North Side

The city's North Side (extending north of downtown along the lakefront) is the most densely populated residential section of the city. It contains public parkland and beaches stretching for miles along Lake Michigan to the city's northern border. Much of the North Side has benefited from an economic boom which began in the 1990s. For example, the River North area, located just north of the Chicago River and the Loop, has undergone a transition from a warehouse district to an active commercial, residential, and entertainment hub, featuring the nation's largest concentration of contemporary art galleries outside of Manhattan. Just north of River North's galleries and bistros, demolition of the CHA's Cabrini-Greenmarker housing project began in 2003, being replaced by upscale townhomes.

South Side

The South Side (extending south of downtown along Lake Michigan) is the largest section of the city, encompassing roughly 60% of the city's land area. The section along the lake is marked with public parkland and beaches. The South Side has a higher ratio of single-family homes and also contains most of the city's industry.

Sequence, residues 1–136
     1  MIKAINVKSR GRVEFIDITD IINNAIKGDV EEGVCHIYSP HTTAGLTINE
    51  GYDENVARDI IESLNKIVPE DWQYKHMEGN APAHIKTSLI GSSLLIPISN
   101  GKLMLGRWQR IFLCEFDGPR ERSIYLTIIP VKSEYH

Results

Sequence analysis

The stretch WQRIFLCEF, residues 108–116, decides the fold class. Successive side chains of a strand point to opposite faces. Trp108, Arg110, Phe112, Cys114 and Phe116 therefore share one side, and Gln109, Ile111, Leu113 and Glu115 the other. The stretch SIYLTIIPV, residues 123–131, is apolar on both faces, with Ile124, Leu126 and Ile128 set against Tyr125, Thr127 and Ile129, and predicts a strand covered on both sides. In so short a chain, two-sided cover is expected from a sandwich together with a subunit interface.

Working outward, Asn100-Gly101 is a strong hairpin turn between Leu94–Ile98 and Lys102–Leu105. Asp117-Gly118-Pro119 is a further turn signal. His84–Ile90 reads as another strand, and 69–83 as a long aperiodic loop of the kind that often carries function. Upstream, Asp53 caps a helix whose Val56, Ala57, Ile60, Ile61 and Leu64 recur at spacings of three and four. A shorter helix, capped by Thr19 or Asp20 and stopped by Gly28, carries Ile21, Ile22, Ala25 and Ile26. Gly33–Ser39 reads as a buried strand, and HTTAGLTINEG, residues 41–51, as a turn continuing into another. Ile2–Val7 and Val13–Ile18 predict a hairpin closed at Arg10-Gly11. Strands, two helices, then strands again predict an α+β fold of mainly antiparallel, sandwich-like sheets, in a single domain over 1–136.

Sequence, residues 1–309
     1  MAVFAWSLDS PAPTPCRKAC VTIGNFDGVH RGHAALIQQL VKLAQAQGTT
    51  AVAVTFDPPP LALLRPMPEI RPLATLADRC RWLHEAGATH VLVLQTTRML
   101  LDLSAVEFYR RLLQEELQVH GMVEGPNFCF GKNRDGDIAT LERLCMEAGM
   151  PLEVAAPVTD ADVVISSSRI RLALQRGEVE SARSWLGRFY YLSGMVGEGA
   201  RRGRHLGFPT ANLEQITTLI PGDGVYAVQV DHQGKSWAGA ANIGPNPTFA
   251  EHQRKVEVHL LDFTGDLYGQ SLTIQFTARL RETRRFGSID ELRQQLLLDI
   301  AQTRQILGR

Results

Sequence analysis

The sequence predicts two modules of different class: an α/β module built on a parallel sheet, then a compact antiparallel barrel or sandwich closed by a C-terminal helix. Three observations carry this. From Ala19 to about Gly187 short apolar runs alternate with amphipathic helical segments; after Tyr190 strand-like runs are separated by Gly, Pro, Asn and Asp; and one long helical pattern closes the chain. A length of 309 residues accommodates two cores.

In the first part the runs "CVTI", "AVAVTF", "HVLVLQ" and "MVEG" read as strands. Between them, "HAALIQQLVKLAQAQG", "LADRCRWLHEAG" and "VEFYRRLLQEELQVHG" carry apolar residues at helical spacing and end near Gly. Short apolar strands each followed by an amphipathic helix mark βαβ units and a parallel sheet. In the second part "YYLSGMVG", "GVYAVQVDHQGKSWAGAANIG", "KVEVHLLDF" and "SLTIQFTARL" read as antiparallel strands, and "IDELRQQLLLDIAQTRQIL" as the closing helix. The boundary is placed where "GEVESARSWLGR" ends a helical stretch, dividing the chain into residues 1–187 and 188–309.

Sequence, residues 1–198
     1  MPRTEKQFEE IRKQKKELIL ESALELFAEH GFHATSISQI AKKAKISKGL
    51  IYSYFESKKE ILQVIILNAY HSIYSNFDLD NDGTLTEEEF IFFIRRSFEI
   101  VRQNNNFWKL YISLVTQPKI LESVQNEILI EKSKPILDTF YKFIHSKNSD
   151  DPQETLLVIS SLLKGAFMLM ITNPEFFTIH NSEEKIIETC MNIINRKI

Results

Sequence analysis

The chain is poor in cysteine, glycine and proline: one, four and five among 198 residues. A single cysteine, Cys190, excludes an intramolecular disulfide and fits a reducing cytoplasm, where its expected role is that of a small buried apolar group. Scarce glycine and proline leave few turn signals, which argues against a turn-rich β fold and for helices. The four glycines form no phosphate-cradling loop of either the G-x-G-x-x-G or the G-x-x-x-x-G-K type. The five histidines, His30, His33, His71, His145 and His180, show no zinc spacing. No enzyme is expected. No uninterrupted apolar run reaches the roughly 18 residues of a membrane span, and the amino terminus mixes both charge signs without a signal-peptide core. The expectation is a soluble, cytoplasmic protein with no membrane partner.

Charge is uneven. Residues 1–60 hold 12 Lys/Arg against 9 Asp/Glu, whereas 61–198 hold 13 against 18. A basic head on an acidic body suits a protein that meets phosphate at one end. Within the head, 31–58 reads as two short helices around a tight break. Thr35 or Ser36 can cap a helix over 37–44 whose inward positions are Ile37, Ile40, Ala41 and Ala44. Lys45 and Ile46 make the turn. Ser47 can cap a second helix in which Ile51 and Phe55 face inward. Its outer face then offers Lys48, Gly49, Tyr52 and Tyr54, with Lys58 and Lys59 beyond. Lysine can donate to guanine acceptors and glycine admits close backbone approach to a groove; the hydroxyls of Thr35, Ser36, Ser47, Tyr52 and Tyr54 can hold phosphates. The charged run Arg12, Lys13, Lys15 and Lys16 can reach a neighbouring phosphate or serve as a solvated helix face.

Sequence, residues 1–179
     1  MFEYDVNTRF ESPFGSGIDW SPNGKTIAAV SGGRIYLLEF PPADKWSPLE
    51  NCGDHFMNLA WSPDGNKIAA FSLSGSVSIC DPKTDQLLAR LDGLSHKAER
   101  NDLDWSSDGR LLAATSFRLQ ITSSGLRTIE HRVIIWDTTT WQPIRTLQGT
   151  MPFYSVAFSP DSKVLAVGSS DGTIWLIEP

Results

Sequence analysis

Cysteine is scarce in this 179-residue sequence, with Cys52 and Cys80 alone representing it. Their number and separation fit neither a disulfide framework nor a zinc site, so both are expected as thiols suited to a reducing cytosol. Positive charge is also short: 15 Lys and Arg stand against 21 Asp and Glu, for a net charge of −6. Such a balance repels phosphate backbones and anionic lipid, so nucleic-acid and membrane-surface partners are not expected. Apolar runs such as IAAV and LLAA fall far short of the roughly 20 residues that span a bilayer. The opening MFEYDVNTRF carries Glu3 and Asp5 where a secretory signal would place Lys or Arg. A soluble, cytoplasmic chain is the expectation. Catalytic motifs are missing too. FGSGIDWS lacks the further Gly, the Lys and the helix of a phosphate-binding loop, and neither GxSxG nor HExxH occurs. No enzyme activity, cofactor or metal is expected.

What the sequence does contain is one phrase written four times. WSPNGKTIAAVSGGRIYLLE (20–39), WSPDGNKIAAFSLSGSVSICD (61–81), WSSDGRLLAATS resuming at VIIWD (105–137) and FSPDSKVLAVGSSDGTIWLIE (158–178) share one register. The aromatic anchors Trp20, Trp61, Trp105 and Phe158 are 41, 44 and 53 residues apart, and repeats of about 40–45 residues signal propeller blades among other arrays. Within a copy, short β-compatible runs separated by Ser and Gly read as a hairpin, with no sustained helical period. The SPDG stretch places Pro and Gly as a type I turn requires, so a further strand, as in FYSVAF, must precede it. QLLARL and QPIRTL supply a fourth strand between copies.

Along with being the largest section of the city in terms of geography, the South Side is also home to one of the city's largest parades: the annual Bud Billiken Day parade, which is held during the second weekend of August and celebrates children returning to school.

The South Side has two of Chicago's largest public parks. Jackson Parkmarker, which hosted the World's Columbian Expositionmarker in 1893, is currently the site of the Museum of Science and Industrymarker. The park stretches along the lakefront, linking the neighborhoods of Hyde Parkmarker and South Shoremarker. Washington Parkmarker, which is connected to Jackson Park by the Midway Plaisancemarker, was considered as the primary site of the Olympic Stadium for the 2016 Summer Olympics, had Chicago won the bid.

West Side